BIRD'S EYE VIEW
Last week I wrote two stories about the urban raptors that live in our city, in particular bald eagles. Every time I see a pair of bald eagles circling high above I'm taken by how fortunate we are to have these magnificent birds in our midst.
On the other side of that coin, the Pacific great blue herons that nest in Stanley Park aren't such big fans of eagles, which have been known to snack on their babies for breakfast.
The herons are back in the trees adjacent to the park board's administration offices and tennis courts at the edge of the park, where for the past 12 years the birds have settled as a large colony during nesting season.
According to the Stanley Park Ecology Society, which does a great job of keeping track of herons, eagles and other wildlife that frequent the park, last year the herons occupied 110 nests and produced more than 100 fledglings by the end of the season, which is sometimes as late as September. That number is down from the 124 nests and 120 fledglings of 2010.
As is ritual, park board staff have fenced off the area directly below the trees to reduce disturbances to the colony and to protect passersby from falling debris. Dog owners are reminded to keep their pets leashed to avoid disturbing the herons. The Pacific blue heron is a "blue-listed," species at risk in B.C. The society monitors the herons during nesting season and has created the Adopt-a-Nest Program. For more information visit stanleyparkecology.ca.
JUST FOR LAUGHS
While many Vancouver residents adore A-Maze-ing Laughter, the instillation at English Bay made up of 14 bronze sculptures depicting men frozen in mid-laugh, I have a feeling almost as many don't. For the record, I like it.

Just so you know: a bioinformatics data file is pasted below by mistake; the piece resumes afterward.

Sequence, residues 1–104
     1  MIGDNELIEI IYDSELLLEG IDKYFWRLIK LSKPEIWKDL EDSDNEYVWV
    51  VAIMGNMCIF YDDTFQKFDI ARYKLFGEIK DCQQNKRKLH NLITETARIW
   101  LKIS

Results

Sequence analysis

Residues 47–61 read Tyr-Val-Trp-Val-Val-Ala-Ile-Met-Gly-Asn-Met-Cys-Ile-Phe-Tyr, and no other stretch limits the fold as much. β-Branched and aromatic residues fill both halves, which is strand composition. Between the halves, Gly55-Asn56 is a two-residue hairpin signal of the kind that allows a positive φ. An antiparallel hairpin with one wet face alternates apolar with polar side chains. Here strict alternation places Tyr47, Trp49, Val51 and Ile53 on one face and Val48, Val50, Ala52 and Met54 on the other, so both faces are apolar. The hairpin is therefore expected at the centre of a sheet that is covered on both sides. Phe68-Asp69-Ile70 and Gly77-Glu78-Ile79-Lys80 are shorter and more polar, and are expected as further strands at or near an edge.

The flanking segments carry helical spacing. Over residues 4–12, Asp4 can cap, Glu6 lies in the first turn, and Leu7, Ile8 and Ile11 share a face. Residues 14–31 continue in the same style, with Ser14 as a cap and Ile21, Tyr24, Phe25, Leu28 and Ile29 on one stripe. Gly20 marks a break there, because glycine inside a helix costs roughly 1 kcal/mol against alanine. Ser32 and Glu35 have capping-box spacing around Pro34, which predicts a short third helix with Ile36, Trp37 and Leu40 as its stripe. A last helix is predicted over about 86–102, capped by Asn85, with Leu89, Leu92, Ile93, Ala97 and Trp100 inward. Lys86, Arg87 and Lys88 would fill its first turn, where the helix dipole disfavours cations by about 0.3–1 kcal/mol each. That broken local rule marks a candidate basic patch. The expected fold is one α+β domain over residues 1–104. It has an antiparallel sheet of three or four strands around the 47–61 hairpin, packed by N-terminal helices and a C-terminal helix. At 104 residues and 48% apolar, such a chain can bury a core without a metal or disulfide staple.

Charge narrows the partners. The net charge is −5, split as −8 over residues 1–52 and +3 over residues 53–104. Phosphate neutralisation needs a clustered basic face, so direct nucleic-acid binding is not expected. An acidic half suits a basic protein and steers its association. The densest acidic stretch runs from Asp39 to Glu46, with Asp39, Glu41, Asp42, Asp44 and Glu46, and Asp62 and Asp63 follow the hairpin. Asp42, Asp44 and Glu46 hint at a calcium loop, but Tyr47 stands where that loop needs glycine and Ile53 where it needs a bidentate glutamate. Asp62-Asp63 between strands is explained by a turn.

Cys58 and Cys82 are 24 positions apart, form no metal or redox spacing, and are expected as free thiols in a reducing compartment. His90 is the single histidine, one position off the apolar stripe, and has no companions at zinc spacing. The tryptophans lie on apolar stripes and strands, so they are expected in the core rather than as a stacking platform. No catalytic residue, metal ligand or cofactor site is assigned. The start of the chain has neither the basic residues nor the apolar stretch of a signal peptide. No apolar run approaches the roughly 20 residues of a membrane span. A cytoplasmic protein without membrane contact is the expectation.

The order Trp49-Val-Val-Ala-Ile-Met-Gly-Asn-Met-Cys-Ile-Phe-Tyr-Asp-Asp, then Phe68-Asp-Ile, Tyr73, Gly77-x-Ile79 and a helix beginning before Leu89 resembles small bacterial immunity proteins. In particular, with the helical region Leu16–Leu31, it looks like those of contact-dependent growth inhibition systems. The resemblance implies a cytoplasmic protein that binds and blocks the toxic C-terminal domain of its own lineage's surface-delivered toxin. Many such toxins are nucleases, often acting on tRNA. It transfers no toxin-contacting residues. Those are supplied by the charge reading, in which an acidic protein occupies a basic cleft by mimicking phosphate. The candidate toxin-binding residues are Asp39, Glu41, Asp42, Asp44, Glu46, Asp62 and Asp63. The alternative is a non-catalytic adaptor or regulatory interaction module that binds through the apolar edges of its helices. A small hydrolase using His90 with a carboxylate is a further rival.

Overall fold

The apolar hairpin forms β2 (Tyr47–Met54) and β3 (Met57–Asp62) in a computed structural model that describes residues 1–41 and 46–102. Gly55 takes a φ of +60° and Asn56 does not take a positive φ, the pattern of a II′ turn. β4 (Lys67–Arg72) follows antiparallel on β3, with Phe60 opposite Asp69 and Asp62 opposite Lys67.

In January I wrote that the Vancouver Biennale Foundation was set to launch a public campaign to purchase the installation and loan it back to the park board and city at no cost. At the time, I guessed that news would be well received by most Vancouverites, but I was quickly proven wrong. I was bombarded with emails and even hand-written letters from residents who said they're counting the days until this "abomination," as one reader described it, is banished from Morton Park forever.
Now the park board and city want to know what you think. This is your opportunity to have your voice heard, but only until Friday (March 16). Visit vancouver.ca/yoursay.htm or write: Attention Coordinator, Arts and Culture, 2099 Beach Ave., Vancouver, B.C., V6G 1Z4.
Dry St. Paddy's
A group of recreation students from Langara College has partnered with Vancouver Access Services and Hillcrest Community Centre to offer a "fabulous" St. Patrick's Day party for youth.
The evening event promises music, body art, food, cupcake decorating, karaoke, sports, relays, games, dancing and arts and crafts. All teens aged 13 to 18 are welcome, but the event's target market is youth with "exceptionalities," which I believe means kids of all abilities are welcome and encouraged to attend.
The party takes place March 17 at Hillcrest, 4575 Clancy Loranger Way (near Nat Bailey Stadium), from 6 to 8: 30 p.m. The cost for all activities and food is $5.